An Englishman, entering his home, does not walk in upon the first floor, but upon the ground floor. What he calls the first floor (or, more commonly, first storey, not forgetting the penultimate e!) is what we call the second floor, and so on up to the roof--which is covered not with tin, but with slate, tiles or leads. He does not take a paper; he takes in a paper. He does not ask his servant, "Is there any mail for me?" but "Are there any letters for me?" for mail, in the American sense, is a word that he seldom uses, save in such compounds as mail-van, mail-train and mail-order. Ho always speaks of it as the post. The man who brings it is not a letter-carrier but a postman. It is posted, not mailed, at a pillar-box, not at a mail-box. It never includes postal-cards, but only post-cards, never money-orders, but only postal-orders or post-office-orders. The Englishman dictates his answers, not to a typewriter, but to a typist; a typewriter is merely the machine. If he desires the recipient to call him by telephone he doesn't say, "'phone me at a quarter of eight," but "ring me up at a quarter to eight." [34; 113] And when the call comes he says "are you there?" When he gets home, he doesn't find his wife waiting for him in the parlor or living-room, but in the drawing-room or in her sitting-room, and the tale of domestic disaster that she has to tell does not concern the hired-girl but the scullery-maid. He doesn't bring her a box of candy, but a box of sweets. He doesn't leave a derby hat in the hall, but a bowler. His wife doesn't wear shirtwaists, but blouses. When she buys one she doesn't say "charge it" but "put it down." When she orders a tailor-made suit, she calls it a costume or a coat-and-skirt. When she wants a spool of thread she asks for a reel of cotton. Such things are bought, not in the department-stores, but at the stores, which are substantially the same thing. In these stores calico means a plain cotton cloth; in the United States it means a printed cotton cloth. Things bought on the installment plan in England are said to be bought on the hire-purchase plan or system; the installment business itself is the credit-trade. Goods ordered by post (not mail) on which the dealer pays the C03t of transportation are said to be sent, not postpaid or prepaid, but post-free or carriage-paid.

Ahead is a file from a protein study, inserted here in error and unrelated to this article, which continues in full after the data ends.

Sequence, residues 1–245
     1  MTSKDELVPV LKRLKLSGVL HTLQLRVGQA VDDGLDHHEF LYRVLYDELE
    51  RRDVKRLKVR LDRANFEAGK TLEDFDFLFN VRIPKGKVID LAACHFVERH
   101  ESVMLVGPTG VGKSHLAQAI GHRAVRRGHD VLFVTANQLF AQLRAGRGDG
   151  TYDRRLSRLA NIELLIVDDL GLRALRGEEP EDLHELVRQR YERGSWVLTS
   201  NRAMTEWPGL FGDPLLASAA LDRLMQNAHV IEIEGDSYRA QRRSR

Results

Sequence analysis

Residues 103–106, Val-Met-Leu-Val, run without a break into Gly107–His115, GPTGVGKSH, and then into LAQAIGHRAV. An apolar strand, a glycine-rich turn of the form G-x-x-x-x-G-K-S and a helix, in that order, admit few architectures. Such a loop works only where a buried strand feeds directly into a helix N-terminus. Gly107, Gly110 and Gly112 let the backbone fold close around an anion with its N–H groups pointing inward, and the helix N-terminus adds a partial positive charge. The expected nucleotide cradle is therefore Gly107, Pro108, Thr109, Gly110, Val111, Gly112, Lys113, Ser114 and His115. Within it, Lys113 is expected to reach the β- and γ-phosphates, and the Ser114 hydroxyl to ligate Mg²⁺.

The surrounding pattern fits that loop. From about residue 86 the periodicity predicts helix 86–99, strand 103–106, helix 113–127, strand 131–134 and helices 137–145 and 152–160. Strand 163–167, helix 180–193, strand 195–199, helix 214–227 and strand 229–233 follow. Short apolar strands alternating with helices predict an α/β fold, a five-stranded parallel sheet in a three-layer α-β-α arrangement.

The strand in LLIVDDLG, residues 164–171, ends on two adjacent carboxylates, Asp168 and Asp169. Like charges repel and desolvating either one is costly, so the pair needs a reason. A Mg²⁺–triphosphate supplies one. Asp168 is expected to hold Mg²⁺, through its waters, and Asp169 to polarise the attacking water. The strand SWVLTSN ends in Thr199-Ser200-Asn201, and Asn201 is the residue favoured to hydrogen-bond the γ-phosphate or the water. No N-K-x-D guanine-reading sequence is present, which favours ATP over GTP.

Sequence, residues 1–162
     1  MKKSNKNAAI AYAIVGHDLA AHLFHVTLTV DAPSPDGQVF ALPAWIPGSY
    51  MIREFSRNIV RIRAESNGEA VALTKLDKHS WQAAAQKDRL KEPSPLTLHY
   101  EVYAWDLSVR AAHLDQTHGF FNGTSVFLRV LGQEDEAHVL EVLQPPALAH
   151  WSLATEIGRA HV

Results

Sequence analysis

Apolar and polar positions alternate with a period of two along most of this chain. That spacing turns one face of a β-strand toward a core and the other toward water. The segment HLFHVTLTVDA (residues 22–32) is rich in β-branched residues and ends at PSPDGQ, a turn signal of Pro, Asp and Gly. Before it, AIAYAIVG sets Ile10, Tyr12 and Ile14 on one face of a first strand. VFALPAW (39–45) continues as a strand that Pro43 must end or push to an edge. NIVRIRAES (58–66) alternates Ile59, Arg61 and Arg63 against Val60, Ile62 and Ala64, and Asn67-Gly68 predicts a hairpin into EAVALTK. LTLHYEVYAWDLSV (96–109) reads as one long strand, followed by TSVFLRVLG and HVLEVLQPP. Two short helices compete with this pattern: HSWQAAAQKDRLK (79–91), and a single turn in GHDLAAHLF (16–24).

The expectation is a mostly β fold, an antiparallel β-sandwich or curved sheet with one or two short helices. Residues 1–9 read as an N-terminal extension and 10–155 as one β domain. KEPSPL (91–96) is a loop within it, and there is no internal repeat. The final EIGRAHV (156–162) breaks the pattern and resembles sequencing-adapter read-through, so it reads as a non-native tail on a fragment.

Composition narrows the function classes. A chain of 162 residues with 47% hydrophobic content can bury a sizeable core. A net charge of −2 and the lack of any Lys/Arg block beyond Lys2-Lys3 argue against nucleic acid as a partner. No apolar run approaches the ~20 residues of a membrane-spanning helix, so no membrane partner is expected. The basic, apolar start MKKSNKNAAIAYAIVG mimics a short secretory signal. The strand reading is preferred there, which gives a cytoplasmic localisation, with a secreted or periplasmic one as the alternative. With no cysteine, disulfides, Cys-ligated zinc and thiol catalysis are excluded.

An Englishman does not wear suspenders, but braces. Suspenders are his wife's garters; his own are sock-suspenders. The family does not seek sustenance in a rare tenderloin but in an underdone undercut or fillet. It does not eat beets, but beet-roots. The wine on the table, if white and German, is not Rhine wine, but Hock. Yellow turnips, in England, are called Swedes, and are regarded as fit food for cattle only; when rations were short there, in 1016, the Saturday Review made a solemn effort to convince its readers that they were good enough to go upon the table. The English, of late, have learned to eat another vegetable formerly resigned to the lower fauna, to wit, American sweet corn. But they are still having some difficulty about its name, for plain corn in England means all the grains used by man. Some time ago, in the Sketch, one C. J. Olive, a gentleman farmer of Worcestershire, was advertising sweet corn-cobs as the "most delicious of all vegetables," and offering to sell them at 6s. 6d. a dozen, carriage-paid. Chicory is something else that the English are unfamiliar with; they always call it endive. By chicken they mean any fowl, however ancient. Broilers and friers are never heard of over there. Neither are crawfish, which are always crayfish. The classes which, in America, eat breakfast, dinner and supper, have breakfast, dinner and tea in England; supper always means a meal eaten late in the evening. No Englishman ever wears a frock-coat or Prince-Albert, or lives in a bungalow; he wears a morning-coat and lives in a villa or cottage [35; 18]. His wife's maid, if she has one, is not Ethel, or Maggie but Robinson, and the nurse-maid who looks after his children is not Lizzie but Nurse. So, by the way, is a trained nurse in a hospital, whose full style is not Miss Jones, but Nurse Jones or Sister. And the hospital itself, if private, is not a hospital at all, but a nursing-home, and its trained nurses are plain nurses, or hospital nurses, or maybe nursing sisters. Similarly, an English law student does not study law, but reads the law.